Please note: This summary is provided to help you understand the regulations. Consult the references provided for links to the full text of the regulations.
This section provides information about rules that regulate stormwater from transportation facilities and construction activities.
Who is covered by the regulations?
The term "Storm Water Discharges Associated with Industrial Activity", defined in federal regulations 40 CFR 122.26(b)(14)(i)-(xi), determined which industrial facilities are potentially subject to the stormwater regulations. The definition uses either SIC (Standard Industrial Classification) codes or narrative descriptions to characterize the activities.
Among the listed industrial activities are transportation facilities classified by the SIC codes listed below which have vehicle maintenance shops, equipment cleaning operations, or airport deicing operations. Only those portions of the facility that are either involved in vehicle maintenance (including vehicle rehabilitation, mechanical repairs, painting, fueling, and lubrication), equipment cleaning operations, airport deicing operations, or which are otherwise identified under other categories are associated with industrial activity, and need permit coverage. The applicable SIC codes include:
SIC Code 40 - railroad transportation
SIC Code 42 - trucking and warehousing
SIC Code 44 - water transportation
- SIC Code 45 - transportation by air
Additionally, many construction activities associated with transportation operations (i.e., those that disturb 1 acre or more) must comply with construction stormwater regulations and must obtain coverage for those activities under a separate construction stormwater permit. Construction activities can include road building, construction of office buildings, industrial sites, or demolition.
What is the purpose of the regulations?
Every inch of rain on an acre of asphalt generates over 27,000 gallons of water. Areas used for such activities as vehicle and equipment maintenance, parking, or material handling and storage, tend to collect contaminants that are picked up in the stormwater. The runoff from these areas may discharge pollutants directly into nearby water bodies, or indirectly via storm sewer systems, thereby degrading water quality. The regulations require that a Stormwater Pollution Prevention Plan (SWPPP) be prepared and implemented to reduce the impacts of stormwater discharges from industrial activity.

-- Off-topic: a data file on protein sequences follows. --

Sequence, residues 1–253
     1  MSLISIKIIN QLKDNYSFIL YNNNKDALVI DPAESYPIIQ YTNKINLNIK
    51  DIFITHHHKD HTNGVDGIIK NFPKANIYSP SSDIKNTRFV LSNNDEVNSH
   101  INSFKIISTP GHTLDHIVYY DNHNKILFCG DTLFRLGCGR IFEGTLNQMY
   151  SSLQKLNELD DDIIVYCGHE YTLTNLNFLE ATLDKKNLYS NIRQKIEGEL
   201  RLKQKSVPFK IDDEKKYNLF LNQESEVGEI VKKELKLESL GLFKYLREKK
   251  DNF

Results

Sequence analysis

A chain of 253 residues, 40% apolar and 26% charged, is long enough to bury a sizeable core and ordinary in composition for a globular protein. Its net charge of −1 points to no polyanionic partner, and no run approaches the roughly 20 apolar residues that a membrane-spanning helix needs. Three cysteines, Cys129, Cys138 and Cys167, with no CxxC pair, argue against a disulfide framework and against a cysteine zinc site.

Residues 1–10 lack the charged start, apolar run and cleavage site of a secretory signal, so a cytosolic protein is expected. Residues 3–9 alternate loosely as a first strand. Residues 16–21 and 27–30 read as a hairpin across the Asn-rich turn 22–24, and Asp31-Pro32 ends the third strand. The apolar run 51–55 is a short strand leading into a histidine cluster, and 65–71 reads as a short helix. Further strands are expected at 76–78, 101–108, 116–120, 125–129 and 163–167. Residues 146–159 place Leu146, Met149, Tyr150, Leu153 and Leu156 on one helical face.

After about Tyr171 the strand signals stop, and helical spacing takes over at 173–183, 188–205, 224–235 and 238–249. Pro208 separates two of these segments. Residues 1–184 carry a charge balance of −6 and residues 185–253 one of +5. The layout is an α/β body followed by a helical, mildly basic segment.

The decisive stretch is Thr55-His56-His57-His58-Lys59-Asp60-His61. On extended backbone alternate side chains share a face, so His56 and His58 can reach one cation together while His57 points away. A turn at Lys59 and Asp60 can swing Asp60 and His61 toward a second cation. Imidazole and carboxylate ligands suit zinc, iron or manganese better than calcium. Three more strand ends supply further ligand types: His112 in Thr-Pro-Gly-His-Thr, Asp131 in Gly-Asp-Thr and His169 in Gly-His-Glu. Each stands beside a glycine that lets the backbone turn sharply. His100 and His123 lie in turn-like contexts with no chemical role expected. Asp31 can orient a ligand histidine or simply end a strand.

Regulations - Stormwater associated with industrial activities
In 1990, the U.S. Environmental Protection Agency (EPA) developed permitting regulations (40 CFR 122.26) under the National Pollutant Discharge Elimination System (NPDES) to control stormwater discharges associated with eleven categories of industrial activity, including transportation (see EPA Stormwater Program). As a result, all facilities that meet the definition of "Storm Water Discharges Associated with Industrial Activity", must either:
obtain National Pollutant Discharge Elimination System (NPDES) stormwater permit coverage, OR
submit a no exposure certification form for stormwater.
The no-exposure certification alternative is available for a facility that is able to show that its industrial activities, even though covered under the regulations, are never exposed to precipitation. In that case, the facility may be eligible to claim no exposure and qualify for a waiver from permit coverage.